Roger Clegg has responded to this article’s weak arguments in a timely posting at Phi Beta Cons. He concludes: “The best way to ensure that black and Hispanic students not fear that they have been admitted because of their ethnicity would be for them to know that, in fact, they were not admitted because of their ethnicity.”
One more item of note: the professors of sociology who wrote the Chronicle article cite Derek Bok and William Bowen’s book The Shape of the River as the final authority disproving the “mismatch hypothesis,” the argument that minorities admitted through affirmative action are often unable to succeed in demanding academic institutions.
Bowen and Bok’s book claims that racial preferences in elite colleges work as advertised: the minority students who receive the preferences thrive; the colleges benefit; and society is better off. In her majority opinion, Justice O’Connor relied heavily on the arguments put forth by Bowen and Bok in The Shape of the River, and yet, until recently, no one has systematically examined their arguments and so-called “evidence.”
But this year, Larry Purdy, one of the three lawyers from the Minneapolis law firm Maslon Edelman Borman & Brand who represented Jennifer Gratz and Barbara Grutter in the U.S. Supreme Court cases Gratz v. Bollinger and Grutter v. Bollinger, published a new book entitled Getting Under the Skin of ‘Diversity’ which definitively dismantles Bok and Bowen’s assumptions. To read more about Purdy’s book, click here. To purchase Getting Under the Skin of ‘Diversity,’ click here.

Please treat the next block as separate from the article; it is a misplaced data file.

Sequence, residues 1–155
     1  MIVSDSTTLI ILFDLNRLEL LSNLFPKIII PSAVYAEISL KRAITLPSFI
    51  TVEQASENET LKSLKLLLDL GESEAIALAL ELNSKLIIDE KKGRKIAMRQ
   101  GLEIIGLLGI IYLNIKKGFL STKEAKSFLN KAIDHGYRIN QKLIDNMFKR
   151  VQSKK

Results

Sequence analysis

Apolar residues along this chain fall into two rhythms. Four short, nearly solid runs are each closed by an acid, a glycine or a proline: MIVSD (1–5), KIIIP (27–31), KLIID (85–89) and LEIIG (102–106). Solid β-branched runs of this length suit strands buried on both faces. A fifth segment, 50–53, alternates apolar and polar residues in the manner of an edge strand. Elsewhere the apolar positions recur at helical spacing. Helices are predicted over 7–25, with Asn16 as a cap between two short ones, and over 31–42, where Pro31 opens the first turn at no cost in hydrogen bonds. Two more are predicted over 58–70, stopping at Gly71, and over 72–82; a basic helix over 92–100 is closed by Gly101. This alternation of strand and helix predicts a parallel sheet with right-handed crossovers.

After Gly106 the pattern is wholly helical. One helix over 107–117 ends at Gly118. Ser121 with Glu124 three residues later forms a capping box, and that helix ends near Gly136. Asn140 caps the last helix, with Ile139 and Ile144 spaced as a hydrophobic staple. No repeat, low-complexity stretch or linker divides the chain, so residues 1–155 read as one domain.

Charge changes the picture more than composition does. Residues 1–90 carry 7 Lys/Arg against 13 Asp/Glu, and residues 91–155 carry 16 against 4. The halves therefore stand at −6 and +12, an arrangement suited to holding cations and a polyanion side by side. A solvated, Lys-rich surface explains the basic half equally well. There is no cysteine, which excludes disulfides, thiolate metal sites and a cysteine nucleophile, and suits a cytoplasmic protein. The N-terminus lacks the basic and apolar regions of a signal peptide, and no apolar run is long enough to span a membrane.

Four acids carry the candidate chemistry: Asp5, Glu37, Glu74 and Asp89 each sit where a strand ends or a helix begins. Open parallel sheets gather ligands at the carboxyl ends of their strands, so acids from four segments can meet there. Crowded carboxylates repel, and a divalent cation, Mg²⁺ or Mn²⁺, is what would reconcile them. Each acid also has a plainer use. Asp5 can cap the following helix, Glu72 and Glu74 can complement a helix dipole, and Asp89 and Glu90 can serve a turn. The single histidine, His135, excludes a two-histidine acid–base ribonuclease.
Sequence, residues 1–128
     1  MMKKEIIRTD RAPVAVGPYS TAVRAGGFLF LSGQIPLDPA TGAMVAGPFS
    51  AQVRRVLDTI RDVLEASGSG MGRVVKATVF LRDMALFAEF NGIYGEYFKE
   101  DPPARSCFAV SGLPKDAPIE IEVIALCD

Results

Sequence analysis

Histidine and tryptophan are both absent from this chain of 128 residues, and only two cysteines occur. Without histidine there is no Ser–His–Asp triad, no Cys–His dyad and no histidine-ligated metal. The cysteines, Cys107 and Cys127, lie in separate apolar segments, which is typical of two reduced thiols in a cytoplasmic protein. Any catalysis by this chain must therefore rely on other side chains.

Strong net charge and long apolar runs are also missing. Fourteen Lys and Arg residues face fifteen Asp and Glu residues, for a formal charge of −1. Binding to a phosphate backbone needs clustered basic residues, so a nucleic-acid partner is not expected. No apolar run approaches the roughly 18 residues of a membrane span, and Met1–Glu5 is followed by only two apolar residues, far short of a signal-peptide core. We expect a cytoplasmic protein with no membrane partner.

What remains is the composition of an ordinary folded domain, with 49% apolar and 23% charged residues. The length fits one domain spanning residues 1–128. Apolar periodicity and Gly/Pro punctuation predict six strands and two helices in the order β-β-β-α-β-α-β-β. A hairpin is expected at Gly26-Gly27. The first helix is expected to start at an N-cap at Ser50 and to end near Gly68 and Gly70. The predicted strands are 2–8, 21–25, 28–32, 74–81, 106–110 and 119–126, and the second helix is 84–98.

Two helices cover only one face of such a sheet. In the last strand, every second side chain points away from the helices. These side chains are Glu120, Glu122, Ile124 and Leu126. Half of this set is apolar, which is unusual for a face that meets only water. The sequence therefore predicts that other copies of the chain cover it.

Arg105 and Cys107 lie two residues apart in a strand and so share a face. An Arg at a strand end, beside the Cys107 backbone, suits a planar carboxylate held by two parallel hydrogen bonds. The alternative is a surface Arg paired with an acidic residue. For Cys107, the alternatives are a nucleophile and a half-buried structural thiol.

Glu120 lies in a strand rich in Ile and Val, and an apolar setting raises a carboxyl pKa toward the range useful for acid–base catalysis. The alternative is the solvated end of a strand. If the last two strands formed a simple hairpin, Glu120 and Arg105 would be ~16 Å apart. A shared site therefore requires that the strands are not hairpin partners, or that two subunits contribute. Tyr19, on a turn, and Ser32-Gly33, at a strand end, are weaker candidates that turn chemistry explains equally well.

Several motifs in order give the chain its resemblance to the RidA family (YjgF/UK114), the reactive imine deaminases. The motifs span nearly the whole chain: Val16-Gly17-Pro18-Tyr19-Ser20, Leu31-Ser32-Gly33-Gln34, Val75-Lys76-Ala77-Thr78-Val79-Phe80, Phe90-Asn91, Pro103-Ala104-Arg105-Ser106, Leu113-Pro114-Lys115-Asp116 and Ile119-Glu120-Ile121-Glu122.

Is it Really Just Luck?
Ever feel like nothing you do really matters? If you’re applying to colleges, you might be justified in that presentiment.
Today Chad Aldeman writes “The Admissions Lottery” at Inside Higher Ed:
Students will soon be receiving word from their chosen colleges and universities, but as more students apply to more colleges than ever before, the joy of acceptance or the agony of rejection are increasingly random. It's time to stop treating the college admissions process as we have in the past, and start treating it as it's become: a lottery.
Selective colleges did not mean for this to happen; rather, they are victims of their own success, along with the emergence of a truly national higher education market and the rise of a rankings-driven consumer culture. But, there is no going back now, so colleges should embrace the unavoidable randomness and go from a lottery-like system to a true lottery.
Aldeman notes that in many admissions departments, officers can afford to spend only about 10 minutes on each application, rendering the process essentially arbitrary. He proposes that each institution set a threshold “based on high school grades and SAT score” and students who want to enter the nationwide roulette can pay a flat fee. The gamble, says Aldeman, has inherent benefits:
A lottery would increase opportunity for students who lack social connections, and a lottery would make it impossible for colleges to favor candidates unlikely to need financial aid over those who do. It would also reduce the perceived stigma of non-acceptance, and thus the terrible pressure that many high school students face. It would create an objective baseline for each institution, end the pretension that college admissions are non-random, and focus institutional missions back where they belong: teaching and preparing students to be productive members of society.